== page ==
Fog computing is a decentralized computing infrastructure in which data, compute, storage and applications are located somewhere between the data source and the cloud. Like edge computing, fog computing brings the advantages and power of the cloud closer to where data is created and acted upon. Many people use the terms fog computing and edge computing interchangeably, because both involve bringing intelligence and processing closer to where the data is created. This is often done to improve efficiency, though it may also be used for security and compliance reasons.
The metaphor fog comes from the meteorological term for a cloud close to the ground, just as fog concentrates on the edge of the network. The term is often associated with Cisco; the company's product line manager, Ginny Nichols, is believed to have coined term. "Cisco Fog Computing" is a registered name; fog computing is open to the community at large.
Fog computing vs. edge computing
According to the Fog Consortium started by Cisco, the key difference between edge and fog computing is where the intelligence and compute power is placed. In a strictly foggy environment, intelligence is at the local area network (LAN) and data is transmitted from endpoints to a fog gateway, where it is then transmitted to sources for processing and return transmission.
In edge computing, intelligence and power can be located in either the endpoint or a gateway. Proponents of edge computing praise its reduction of points of failure, because each device independently operates and determines which data to store locally and which data to send to a gateway or the cloud for further analysis. Proponents of fog computing over edge computing say it is more scalable and gives a better big-picture view of the network as multiple data points feed data into it.
It should be noted, however, that some network engineers consider fog computing to be simply a Cisco brand for one approach to edge computing.
How fog computing works
It is important to note that fog networking complements -- not replaces -- cloud computing; fogging allows for short-term analytics at the edge, and the cloud performs resource-intensive, longer-term analytics. While edge devices and sensors are where data is generated and collected, they sometimes don't have the compute and storage resources to perform advanced analytics and machine-learning tasks. Though cloud servers have the power to do these, they are often too far away to process the data and respond in a timely manner. In addition, having all endpoints connecting to and sending raw data to the cloud over the internet can have privacy, security and legal implications, especially when dealing with sensitive data subject to regulations in different countries. Popular fog computing applications include smart grid, smart city, smart buildings, vehicle networks and software-defined networks.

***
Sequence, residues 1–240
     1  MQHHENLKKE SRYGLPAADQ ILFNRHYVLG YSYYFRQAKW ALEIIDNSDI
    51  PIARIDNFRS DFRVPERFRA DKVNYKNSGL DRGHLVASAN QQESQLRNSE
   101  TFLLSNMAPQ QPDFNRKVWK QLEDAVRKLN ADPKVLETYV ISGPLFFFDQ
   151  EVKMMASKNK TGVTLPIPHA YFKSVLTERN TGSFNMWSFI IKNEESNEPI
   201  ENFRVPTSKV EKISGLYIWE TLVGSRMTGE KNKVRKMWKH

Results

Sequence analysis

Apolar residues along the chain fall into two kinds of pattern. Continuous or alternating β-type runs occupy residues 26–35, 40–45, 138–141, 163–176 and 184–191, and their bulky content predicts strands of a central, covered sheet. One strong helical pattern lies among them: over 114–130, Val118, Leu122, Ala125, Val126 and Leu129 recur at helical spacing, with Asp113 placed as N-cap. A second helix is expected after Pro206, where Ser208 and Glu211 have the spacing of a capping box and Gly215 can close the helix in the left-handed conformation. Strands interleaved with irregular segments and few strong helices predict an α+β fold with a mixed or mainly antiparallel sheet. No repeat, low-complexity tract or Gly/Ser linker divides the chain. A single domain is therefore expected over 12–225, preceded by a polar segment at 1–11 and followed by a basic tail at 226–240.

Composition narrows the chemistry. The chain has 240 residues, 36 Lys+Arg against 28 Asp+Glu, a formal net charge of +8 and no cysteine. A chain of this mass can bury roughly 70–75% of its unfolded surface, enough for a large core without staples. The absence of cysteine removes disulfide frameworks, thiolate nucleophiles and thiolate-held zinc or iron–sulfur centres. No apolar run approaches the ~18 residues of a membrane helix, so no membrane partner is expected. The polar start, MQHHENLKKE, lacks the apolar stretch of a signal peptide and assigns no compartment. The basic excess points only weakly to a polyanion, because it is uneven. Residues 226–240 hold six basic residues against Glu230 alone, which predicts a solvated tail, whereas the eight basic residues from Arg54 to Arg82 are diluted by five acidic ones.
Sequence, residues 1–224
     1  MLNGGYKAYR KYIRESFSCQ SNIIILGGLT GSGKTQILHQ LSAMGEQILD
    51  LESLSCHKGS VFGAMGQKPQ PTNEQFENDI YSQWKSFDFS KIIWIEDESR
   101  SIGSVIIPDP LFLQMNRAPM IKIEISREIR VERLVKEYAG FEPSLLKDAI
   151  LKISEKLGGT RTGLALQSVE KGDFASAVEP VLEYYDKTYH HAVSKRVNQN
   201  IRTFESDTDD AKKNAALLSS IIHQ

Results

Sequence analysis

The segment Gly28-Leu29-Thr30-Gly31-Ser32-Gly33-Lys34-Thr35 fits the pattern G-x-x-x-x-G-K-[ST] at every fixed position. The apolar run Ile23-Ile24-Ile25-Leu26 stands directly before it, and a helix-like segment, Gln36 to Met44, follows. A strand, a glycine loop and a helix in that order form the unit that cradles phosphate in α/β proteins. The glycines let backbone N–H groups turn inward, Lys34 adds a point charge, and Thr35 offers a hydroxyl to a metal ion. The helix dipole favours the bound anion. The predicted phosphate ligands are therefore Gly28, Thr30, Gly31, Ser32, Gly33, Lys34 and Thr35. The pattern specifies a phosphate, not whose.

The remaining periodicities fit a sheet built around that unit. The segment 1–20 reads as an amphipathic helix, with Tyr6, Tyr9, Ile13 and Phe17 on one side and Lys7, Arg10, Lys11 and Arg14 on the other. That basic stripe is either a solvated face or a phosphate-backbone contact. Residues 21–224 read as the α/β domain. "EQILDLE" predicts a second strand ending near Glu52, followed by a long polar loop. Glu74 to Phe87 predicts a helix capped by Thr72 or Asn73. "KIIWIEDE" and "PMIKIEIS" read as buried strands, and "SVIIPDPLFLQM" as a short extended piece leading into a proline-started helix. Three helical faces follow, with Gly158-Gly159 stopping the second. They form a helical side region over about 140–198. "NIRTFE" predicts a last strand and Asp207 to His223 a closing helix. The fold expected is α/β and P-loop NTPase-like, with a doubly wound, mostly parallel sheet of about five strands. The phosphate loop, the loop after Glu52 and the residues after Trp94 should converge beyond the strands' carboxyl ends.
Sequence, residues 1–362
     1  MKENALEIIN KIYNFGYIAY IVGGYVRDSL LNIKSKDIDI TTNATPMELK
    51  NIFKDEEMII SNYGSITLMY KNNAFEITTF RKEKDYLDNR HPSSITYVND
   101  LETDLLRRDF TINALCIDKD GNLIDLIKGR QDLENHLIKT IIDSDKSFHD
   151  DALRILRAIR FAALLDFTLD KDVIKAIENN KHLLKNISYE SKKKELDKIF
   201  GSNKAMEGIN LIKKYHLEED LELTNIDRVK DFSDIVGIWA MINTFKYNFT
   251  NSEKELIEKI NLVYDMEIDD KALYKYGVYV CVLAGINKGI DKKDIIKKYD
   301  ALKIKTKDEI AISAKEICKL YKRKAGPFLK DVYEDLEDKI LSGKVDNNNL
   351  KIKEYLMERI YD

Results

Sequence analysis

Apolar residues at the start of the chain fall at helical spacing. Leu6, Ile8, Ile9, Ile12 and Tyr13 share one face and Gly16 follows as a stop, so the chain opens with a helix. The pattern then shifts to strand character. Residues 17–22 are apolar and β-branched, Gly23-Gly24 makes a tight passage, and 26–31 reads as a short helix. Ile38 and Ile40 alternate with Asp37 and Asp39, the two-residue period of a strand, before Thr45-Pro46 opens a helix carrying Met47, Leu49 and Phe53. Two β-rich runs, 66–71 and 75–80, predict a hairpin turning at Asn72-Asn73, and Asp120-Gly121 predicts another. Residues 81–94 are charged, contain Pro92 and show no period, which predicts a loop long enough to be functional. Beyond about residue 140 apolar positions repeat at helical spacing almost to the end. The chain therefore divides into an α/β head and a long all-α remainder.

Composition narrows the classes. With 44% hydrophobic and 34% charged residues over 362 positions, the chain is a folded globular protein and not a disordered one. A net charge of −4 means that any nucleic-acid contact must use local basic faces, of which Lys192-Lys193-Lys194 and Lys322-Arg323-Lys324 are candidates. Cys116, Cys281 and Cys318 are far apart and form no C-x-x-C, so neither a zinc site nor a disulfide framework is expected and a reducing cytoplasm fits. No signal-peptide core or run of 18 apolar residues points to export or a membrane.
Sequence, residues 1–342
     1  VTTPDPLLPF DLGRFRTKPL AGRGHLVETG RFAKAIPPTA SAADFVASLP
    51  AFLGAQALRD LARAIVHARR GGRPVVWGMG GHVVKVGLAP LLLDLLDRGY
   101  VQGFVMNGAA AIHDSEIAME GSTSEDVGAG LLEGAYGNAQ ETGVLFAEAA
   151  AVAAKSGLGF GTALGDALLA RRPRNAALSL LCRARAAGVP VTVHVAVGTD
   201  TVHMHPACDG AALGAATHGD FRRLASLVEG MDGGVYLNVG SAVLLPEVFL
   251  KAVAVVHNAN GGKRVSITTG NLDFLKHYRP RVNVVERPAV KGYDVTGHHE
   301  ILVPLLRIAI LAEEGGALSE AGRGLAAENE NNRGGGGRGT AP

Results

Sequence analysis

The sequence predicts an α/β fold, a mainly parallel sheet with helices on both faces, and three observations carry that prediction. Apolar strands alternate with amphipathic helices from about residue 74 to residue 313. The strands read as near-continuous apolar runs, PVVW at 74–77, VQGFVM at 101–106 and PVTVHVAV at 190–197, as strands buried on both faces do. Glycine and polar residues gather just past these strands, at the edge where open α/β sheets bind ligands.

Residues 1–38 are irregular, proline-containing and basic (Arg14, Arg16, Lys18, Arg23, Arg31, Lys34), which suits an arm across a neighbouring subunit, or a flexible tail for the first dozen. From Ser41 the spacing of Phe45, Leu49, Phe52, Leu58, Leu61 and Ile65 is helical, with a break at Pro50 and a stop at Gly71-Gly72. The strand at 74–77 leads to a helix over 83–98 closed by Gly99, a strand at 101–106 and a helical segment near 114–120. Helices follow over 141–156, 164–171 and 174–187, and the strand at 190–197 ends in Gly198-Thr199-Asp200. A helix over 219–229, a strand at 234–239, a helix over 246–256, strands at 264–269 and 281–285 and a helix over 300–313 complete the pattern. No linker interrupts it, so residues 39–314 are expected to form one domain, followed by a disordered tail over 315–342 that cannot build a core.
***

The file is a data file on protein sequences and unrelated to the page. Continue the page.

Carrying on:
Fog computing advantages and disadvantages
Fog computing and the Internet of Things
Because cloud computing is not viable for many Internet-of-Things applications, fog computing is often used. Its distributed approach addresses the needs of IoT and industrial IoT, as well as the immense amount of data smart sensors and IoT devices generate, which would be costly and time-consuming to send to the cloud for processing and analysis. Fog computing reduces the bandwidth needed and reduces the back-and-forth communication between sensors and the cloud, which can negatively affect IoT performance.
Although latency may be annoying when sensors are part of a gaming application, delays in data transmission in many real-world IoT scenarios can be life-threatening -- for example, in vehicle-to-vehicle communications systems, smart grid deployments or telemedicine and patient care environments, where milliseconds matter. Fog computing and IoT use cases also include smart rail, manufacturing and utilities.
Hardware manufacturers, such as Cisco, Dell and Intel, are working with IoT analytics and machine-learning vendors to create IoT gateways and routers that support fogging. The OpenFog Consortium was founded in November 2015 by members from Cisco, Dell, Intel, Microsoft, ARM and Princeton University; its mission is to develop an open reference architecture and convey the business value of fog computing.